Art of Publishing: Bronze Man Art of Publishing is a performance learning practicum in book publishing. Students learn by working as an editor or designer carrying out specific responsibilities for Bronze Man Books, Millikin University’s student-run book publishing company. Possible student positions include: editor, acquisitions editor, assistant editor, legal research editor, production manager, art director, designer, sales manager, marketing manager, marketing research, publicist, and advertising manager. For questions, contact either one of the co-teachers: Dr. Randy Brooks or Ed Walker. (EN384)
Blue Satellite Press Art of Publishing is a performance learning practicum in book publishing. Students learn by working as an editor or designer carrying out specific responsibilities for Bronze Man Books, Millikin University’s student-run book publishing company. Possible student positions include: editor, acquisitions editor, assistant editor, legal research editor, production manager, art director, designer, sales manager, marketing manager, marketing research, publicist, and advertising manager. For questions, contact either one of the co-teachers: Dr. Randy Brooks or Ed Walker. (EN386)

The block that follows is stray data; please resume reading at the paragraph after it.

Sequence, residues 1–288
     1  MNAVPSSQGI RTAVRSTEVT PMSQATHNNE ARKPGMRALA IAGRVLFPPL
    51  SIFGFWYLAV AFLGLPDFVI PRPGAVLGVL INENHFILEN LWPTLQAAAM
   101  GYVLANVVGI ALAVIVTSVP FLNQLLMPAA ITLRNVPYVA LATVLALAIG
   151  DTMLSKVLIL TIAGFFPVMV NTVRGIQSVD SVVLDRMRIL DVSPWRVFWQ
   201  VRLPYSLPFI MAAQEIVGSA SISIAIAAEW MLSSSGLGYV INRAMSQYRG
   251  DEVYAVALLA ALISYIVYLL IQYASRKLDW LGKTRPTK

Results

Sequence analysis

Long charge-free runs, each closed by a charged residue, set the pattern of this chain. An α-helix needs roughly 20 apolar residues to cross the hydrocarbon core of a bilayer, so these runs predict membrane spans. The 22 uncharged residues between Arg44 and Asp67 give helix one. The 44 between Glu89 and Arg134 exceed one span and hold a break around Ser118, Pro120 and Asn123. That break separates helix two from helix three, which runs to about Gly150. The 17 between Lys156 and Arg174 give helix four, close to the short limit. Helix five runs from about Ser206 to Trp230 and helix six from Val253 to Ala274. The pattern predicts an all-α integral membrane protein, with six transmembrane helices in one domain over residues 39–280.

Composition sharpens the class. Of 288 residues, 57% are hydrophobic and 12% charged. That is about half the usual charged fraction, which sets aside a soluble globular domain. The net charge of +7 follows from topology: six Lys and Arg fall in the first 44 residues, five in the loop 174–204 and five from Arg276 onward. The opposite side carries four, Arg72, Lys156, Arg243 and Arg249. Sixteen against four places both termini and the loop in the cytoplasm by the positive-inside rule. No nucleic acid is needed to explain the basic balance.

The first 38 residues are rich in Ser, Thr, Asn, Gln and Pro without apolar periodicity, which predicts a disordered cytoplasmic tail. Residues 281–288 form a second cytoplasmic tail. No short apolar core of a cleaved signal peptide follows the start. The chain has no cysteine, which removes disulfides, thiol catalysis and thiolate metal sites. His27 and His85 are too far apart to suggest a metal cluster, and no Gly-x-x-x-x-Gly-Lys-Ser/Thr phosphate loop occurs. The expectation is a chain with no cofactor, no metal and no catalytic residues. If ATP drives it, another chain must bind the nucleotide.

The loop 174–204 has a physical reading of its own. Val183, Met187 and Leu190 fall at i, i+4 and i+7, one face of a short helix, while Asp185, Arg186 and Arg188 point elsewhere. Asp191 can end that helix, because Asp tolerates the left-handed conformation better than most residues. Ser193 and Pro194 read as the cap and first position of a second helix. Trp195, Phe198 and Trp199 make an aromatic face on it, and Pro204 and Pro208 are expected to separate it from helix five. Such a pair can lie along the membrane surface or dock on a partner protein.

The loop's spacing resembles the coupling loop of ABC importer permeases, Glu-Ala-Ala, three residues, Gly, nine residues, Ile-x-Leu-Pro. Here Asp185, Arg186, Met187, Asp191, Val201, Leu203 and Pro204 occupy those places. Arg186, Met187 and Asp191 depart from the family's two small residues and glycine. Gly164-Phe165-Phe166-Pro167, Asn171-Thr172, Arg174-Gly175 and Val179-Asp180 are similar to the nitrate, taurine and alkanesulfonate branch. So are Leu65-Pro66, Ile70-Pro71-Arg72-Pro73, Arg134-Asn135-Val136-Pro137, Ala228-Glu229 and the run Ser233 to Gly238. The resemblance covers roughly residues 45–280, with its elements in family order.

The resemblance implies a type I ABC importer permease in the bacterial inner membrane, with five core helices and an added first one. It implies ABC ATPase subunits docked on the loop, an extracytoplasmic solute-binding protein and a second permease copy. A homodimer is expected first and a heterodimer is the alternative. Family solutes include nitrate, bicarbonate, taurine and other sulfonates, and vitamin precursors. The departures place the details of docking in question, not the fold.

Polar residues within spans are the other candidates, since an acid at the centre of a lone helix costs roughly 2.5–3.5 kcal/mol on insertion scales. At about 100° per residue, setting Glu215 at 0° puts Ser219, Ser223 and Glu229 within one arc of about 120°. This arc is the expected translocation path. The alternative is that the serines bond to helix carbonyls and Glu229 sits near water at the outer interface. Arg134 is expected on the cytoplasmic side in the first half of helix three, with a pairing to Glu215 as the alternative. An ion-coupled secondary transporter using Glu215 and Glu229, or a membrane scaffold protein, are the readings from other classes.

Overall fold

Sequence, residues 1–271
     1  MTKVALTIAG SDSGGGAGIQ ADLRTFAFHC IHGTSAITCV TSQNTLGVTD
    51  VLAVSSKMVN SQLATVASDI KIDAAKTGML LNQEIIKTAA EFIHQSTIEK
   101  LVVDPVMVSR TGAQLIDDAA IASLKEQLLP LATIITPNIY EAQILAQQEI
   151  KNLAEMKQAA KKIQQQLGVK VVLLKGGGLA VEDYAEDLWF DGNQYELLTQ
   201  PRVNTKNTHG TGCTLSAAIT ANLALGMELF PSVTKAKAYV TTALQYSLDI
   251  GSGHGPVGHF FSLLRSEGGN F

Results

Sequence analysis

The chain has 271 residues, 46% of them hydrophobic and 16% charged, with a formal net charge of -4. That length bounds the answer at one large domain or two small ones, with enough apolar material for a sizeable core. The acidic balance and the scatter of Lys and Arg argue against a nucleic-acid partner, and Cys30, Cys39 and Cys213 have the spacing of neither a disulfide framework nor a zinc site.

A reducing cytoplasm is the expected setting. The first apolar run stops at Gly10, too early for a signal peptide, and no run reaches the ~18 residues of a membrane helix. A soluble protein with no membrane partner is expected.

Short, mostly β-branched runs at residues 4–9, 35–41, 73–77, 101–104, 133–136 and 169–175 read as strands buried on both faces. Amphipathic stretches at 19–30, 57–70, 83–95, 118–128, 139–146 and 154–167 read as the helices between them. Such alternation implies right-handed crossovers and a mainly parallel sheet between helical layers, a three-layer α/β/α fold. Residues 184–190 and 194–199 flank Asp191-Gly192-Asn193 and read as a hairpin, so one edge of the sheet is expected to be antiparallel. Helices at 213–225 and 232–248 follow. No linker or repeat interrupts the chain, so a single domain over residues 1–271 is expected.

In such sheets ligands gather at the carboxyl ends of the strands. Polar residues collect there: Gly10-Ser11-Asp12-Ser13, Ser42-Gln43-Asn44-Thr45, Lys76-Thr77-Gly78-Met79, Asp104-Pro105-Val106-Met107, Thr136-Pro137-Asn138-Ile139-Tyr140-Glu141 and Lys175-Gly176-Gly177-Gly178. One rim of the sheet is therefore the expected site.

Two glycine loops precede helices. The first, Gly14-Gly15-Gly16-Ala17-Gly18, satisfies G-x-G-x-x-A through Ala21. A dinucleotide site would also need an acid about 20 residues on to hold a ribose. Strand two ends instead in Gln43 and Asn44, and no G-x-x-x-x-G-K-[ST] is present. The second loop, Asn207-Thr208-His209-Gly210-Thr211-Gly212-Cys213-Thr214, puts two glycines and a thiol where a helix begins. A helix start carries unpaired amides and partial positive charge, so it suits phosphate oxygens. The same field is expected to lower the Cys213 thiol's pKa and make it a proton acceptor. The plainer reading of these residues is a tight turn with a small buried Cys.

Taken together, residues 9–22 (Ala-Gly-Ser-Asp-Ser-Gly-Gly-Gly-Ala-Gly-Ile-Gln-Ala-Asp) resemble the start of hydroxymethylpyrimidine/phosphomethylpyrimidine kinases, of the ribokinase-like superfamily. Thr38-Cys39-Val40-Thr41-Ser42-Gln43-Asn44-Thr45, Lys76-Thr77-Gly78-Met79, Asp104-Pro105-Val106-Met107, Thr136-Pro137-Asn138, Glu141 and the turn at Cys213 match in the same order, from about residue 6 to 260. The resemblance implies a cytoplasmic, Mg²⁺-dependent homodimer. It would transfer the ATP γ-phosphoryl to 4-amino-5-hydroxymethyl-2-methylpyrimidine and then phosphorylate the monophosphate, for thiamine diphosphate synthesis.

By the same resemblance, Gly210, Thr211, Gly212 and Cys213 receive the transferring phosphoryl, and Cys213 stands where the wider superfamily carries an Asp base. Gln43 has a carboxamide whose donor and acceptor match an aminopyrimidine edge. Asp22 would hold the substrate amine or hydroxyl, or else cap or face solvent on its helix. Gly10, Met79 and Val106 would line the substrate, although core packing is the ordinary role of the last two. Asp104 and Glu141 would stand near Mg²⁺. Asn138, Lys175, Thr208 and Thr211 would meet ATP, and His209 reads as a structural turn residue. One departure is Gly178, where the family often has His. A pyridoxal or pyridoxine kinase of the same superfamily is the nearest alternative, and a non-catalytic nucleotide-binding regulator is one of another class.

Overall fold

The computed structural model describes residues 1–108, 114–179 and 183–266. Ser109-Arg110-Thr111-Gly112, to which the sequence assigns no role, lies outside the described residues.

Publishing Roundtable The Publishing Roundtable broaches relevant subjects in the field of publishing and editing. Offered on a rotating basis, roundtable topics can include freelancing, fine art, journalism, comic book production, and game design. (EN388)
Writing Portfolio Senior writing majors and other highly qualified students develop a professional writing portfolio. Also includes preparation for careers and professions in writing. Offered only in the fall. Pre-requisite: senior writing major or consent of instructor. (EN410)
Seminar in Literature Advanced seminar in which students complete a major project in literary study or writing. Emphasis and topic vary semester to semester. Representative topics include recent trends in literary criticism, autobiography, American Romanticism, Poe, Twain and the Beat Generation. (EN420)
Advanced Methods-Teaching Lang Arts This two-credit course continues the teaching of specific methods of English Language Arts instruction in secondary schools and is a follow-up to the EN 235 Methods course. The course’s specific focus in on planning and organizing a multi-part unit of instruction for implementation during student teaching. Also included are research opportunities for identifying instructional resources along with peer critiques of specific lessons designed within the unit plan. (EN425)
Internship: Teaching Writing Students work with a faculty member teaching Interdisciplinary 150 helping to design assignments, tutor students, and read about and discuss various composition theories. This course is required for English education majors and encouraged for all English majors planning to attend graduate school. (EN470)